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Lane
Lane, JD, CFP, MBA, CRPS
Category: Tax
Satisfied Customers: 10156
Experience:  Law Degree, specialization in Tax Law and Corporate Law, CFP and MBA, Providing Financial & Tax advice since 1986
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A widowed taxpayer has s health insurance through the Health

Customer Question

A widowed taxpayer has his health insurance through the Health Insurance Marketplace in 2015 & receives a subsidy based on a family size of 3, as he has 2 dependents. He can no longer claim his 25 year old son in 2016, as the son must file his own tax
return based on his income. Is there any way that he can include the son on his health insurance coverage, as he is under 26, or does the son have to purchase his own health insurance for 2016?
Submitted: 1 year ago.
Category: Tax
Expert:  Lane replied 1 year ago.

Hi,

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I hold a JD (Juris Doctorate, a doctoral degree in the law), concentration in Tax Law & Corporate law, an MBA (specialization in finance & tax), and BBA from Mercer University's Stetson School of Business and Economics, as well as CFP and CRPS designations. … I can help here

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No under ACA insurance companies are no longer permitted to drop independent children from their parents' insurance policies. Instead, providers are required to keep both dependent and independent children on their parents' insurance policies for the first 25 years of their lives.

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Expert:  Lane replied 1 year ago.

You an read more about this here:

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http://thelawdictionary.org/article/can-i-be-a-non-dependent-and-still-remain-on-my-parents-health-insurance/

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ANd here's the guidance from healthcare.gov:

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Here: https://www.healthcare.gov/young-adults/children-under-26/

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You can stay on a parent’s plan until you turn 26

Once you’re on a parent’s plan, in most cases you can stay on it until you turn 26. (Check with the plan to be sure. Some states and plans have different rules.)

Generally, you can join a parent’s plan and stay on until you turn 26 even if you:

  • Get married
  • Have or adopt a child
  • Start or leave school
  • Live in or out of your parent’s home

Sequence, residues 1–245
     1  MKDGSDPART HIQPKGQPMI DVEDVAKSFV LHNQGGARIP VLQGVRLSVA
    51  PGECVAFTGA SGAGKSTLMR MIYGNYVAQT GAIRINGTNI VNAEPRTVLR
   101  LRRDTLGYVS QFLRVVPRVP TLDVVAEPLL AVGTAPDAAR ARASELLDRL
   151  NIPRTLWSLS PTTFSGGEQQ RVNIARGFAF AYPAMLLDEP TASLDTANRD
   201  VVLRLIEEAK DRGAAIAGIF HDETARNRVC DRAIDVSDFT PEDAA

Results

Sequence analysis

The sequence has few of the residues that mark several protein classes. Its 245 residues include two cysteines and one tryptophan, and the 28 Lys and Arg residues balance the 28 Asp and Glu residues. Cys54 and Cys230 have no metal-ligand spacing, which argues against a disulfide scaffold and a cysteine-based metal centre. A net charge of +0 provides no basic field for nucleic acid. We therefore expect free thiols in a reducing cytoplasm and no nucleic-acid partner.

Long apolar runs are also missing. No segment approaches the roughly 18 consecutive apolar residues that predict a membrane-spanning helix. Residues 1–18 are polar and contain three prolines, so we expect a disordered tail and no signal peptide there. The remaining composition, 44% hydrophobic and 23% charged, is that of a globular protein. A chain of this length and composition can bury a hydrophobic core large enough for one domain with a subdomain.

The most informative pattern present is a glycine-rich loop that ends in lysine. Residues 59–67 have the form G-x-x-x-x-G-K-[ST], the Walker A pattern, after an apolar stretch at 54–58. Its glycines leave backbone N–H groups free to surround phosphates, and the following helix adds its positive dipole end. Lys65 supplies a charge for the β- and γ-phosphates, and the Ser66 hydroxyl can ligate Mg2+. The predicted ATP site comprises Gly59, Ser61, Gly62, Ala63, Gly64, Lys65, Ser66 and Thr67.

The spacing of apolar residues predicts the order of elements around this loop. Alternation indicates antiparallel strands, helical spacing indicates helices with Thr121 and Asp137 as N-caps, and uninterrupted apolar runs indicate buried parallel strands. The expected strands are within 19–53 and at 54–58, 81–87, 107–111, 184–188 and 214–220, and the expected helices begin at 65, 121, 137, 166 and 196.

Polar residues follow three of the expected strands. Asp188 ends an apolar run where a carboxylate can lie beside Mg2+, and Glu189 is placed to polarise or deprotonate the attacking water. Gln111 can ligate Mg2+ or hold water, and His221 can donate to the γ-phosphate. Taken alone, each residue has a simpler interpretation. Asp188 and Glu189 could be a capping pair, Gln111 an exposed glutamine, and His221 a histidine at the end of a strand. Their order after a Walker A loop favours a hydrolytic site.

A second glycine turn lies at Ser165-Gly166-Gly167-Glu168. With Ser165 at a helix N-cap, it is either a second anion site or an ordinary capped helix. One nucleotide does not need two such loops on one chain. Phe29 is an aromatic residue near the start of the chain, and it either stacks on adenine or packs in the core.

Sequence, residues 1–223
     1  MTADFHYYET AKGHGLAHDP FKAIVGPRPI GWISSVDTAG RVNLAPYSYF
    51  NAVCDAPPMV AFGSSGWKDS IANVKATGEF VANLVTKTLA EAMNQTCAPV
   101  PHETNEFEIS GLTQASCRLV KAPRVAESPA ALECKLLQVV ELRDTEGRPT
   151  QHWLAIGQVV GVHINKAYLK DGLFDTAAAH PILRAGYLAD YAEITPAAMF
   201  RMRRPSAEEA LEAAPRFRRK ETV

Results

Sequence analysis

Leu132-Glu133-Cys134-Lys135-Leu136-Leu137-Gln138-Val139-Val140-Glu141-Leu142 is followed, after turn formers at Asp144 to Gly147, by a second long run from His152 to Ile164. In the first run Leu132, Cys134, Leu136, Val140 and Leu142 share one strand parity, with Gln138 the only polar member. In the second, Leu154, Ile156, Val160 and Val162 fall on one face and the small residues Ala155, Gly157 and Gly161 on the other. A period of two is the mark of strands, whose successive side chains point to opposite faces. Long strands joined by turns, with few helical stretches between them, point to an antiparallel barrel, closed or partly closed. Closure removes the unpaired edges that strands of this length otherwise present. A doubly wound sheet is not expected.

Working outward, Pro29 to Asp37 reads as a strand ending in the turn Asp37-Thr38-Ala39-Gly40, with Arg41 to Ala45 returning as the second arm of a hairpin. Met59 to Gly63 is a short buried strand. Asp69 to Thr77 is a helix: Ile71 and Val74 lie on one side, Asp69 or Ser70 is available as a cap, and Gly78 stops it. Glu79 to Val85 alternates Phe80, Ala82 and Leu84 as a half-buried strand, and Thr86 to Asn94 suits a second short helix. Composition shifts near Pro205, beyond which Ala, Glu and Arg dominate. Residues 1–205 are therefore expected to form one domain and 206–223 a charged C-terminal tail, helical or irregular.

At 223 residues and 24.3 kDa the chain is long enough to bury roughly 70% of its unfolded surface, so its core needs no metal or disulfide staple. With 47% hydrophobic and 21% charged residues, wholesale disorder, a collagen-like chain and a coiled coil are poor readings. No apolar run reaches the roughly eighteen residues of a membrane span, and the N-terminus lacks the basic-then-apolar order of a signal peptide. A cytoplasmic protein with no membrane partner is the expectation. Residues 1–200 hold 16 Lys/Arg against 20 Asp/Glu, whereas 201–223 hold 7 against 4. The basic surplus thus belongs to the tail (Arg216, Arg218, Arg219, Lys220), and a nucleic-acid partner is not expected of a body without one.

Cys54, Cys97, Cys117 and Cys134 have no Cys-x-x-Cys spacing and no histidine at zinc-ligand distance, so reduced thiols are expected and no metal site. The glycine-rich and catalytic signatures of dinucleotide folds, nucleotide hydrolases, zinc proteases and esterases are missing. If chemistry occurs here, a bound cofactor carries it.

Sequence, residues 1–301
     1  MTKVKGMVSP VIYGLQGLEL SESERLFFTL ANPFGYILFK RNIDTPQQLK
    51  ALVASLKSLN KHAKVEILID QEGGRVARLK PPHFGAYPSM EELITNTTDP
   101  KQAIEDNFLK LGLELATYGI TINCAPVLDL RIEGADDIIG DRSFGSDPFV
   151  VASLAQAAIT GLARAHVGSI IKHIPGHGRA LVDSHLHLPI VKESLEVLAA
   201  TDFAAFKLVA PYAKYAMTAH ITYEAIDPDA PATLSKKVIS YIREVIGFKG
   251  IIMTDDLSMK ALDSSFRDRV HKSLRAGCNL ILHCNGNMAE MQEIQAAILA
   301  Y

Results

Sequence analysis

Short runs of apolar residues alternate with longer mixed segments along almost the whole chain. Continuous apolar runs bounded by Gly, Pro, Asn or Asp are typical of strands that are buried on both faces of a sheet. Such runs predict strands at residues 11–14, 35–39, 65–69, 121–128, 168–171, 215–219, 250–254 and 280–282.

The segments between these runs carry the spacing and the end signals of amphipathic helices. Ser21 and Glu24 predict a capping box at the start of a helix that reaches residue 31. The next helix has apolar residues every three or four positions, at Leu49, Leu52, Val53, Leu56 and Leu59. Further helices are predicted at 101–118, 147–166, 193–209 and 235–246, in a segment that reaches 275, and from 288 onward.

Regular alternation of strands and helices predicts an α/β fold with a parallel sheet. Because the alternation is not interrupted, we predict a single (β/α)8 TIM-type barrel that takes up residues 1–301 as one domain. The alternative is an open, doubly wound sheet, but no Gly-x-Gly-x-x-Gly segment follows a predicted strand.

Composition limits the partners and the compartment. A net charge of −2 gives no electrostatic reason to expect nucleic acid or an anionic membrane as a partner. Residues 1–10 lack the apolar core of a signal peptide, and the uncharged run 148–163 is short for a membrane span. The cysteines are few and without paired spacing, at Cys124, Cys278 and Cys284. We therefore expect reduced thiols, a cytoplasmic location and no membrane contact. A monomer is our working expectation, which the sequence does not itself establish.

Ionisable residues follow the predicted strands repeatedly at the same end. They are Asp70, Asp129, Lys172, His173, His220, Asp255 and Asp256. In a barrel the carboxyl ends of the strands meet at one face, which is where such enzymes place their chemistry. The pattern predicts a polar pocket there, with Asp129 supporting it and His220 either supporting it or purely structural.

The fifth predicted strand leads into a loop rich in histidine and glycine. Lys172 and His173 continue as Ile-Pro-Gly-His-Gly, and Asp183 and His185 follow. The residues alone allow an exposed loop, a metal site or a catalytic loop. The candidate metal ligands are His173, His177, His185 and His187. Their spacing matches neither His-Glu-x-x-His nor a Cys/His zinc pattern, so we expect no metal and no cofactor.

• Aren’t claimed as a tax dependent
  • Turn down an offer of job-based coverage
Expert:  Lane replied 1 year ago.

Hope this has helped

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Lane

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If this HAS helped, (and you don't have any other questions on this), I'd really appreciate a positive rating (using those stars on your screen) … That's the only way I'll be credited with a portion of what you've paid JustAnswer.com

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Thank you,

Lane

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Customer: replied 1 year ago.
The son is a young professional who is doing extremely well (will earn more than 100,000 in 2016). If the taxpayer includes the son as a dependent, wouldn't he also have to include the son's income in the total family income which is submitted to the Health Insurance marketplace (which will eliminate the subsidy the taxpayer receives)?
Expert:  Lane replied 1 year ago.

The son, living rent free with the taxpayer is not (and given what you've said about his income, wouldmn't qualify as) a dependent (hrough qualifying child OR qualifying relative test)

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This is what property law calls tennant at will ... (letting someone live with you - or in property you own - rent free)

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He would not be counted in the household at all. He's not being supported.

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What would hurt any means testing for medicaid or SSI (or any other means tested benefit) would be his contributing to the houshold in some way ... PAYING rent, buying groceries, etc.

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Simply moving back in with mom, alone, does not make him a dependant

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Customer: replied 1 year ago.
I recognize that by moving back in with the taxpayer, the son is not a dependent on the taxpayer's 2016 income tax return. However, when completing the application for insurance on the Health Insurance Marketplace, there is a question which asks for the number of dependents. It then asks for the dependent information & the family income. Therefore, does the son's income get included in the "family income"?
Expert:  Lane replied 1 year ago.

No, he is not being supported by the household ... he is not a part of the househld ... he is an adlt child that lives there.